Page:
Water to the Sea

Yet lives our pilot still. Is’t meet that he
Should leave the helm and like a fearful lad
With tearful eyes add water to the sea
And give more strength to that which hath too much,
Whiles, in his moan, the ship splits on the rock,
Which industry and courage might have saved?
Henry VI, Part III. Act V, scene iv.

Those who make many species are the ‘splitters,’ and those who make few are the ‘lumpers,’” remarked Charles Darwin in an 1857 letter to botanist J.D. Hooker; the title of University of Chicago professor Kenneth Warren’s most recent book, What Was African-American Literature?, announces him as a “lumper.” The chief argument of Warren’s book is that the claim that something called “African-American literature” is “different from the rest of American lit[ature]”—a claim that many of Warren’s colleagues, perhaps no one more so than Harvard’s Henry Louis Gates, Jr., have based their careers upon—is, in reality, a claim that, historically, many writers with large amounts of melanin would have rejected. Take the fact, Warren says, that “literary societies … among free blacks in the antebellum north were not workshops for the production of a distinct black literature but salons for producing works of literary distinction”: these were not people looking to split off—or secede—from the state of literature. Warren’s work is, thereby, aimed against those who, like so many Lears, have divided and subdivided literature by attaching so many different adjectives to literature’s noun—an attack Warren says he makes because “a literature insisting that the problem of the 21st century remains the problem of the color line paradoxically obscures the economic and political problems facing many black Americans, unless those problems can be attributed to racial discrimination.” What Warren sees, I think, is that far too much attention is being paid to the adjective in “African-American literature”—though what he may not see is that the real issue concerns the noun.

The noun being, of course, the word “literature”: Warren’s account worries the “African-American” part of “African-American literature” instead of the “literature” part. Specifically, in Warren’s view what links the adjective to the noun—or “what made African American literature a literature”—was the regime of “constitutionally-sanctioned state-enforced segregation” known as Jim Crow, which made “black literary achievement … count, almost automatically, as an effort on behalf of the ‘race’ as a whole.” Without that institutional circumstance there are writers who are black—but no “black writers.” To Warren, it’s the distinct social structure of Jim Crow, hardening in the 1890s, that creates “black literature,” instead of merely examples of writing produced by people whose skin is darker-colored than that of other writers.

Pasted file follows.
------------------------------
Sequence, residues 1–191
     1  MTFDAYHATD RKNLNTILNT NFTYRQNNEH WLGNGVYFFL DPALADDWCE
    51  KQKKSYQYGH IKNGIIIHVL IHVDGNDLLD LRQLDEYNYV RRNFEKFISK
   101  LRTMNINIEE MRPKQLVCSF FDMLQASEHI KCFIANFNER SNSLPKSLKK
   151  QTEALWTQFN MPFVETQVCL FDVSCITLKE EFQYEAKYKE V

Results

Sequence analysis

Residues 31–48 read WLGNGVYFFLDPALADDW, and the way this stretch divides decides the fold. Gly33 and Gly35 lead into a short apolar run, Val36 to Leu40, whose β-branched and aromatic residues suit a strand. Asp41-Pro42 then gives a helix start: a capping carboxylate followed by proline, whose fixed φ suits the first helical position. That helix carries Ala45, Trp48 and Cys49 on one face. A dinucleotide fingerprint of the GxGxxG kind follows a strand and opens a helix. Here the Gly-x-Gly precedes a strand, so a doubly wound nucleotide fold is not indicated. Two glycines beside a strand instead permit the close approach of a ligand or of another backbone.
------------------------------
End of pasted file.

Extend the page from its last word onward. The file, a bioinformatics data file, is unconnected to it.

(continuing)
Warren’s argument thereby takes the familiar form of the typical “social construction” argument, as outlined by Ian Hacking in his book, The Social Construction of What? Such arguments begin, Hacking says, when “X is taken for granted,” and “appears to be inevitable”; in the present moment, African-American literature can certainly be said—for some people—to appear to be inevitable: Harvard’s Gates, for instance, has long claimed that “calls for the creation of a [specifically “black”] tradition occurred long before the Jim Crow era.” But it’s just at such moments, Hacking says, that someone will observe that in fact the said X is “the contingent product of the social world.” Which is just what Warren does.

Warren points out that although those who argue for an ahistorical vision of an African-American literature would claim that all black writers were attempting to produce a specifically black literature, Warren notes that the historical evidence points, merely, to an attempt to produce literature: i.e., a member of the noun class without a modifying adjective. At least, until the advent of the Jim Crow system at the end of the nineteenth century: it’s only after that time, Warren says, that “literary work by black writers came to be discussed in terms of how well it served (or failed to serve) as an instrument in the fight against Jim Crow.” In the familiar terms of the hallowed social constructionism argument, Warren is claiming that the adjective is added to the noun later, as a result of specific social forces.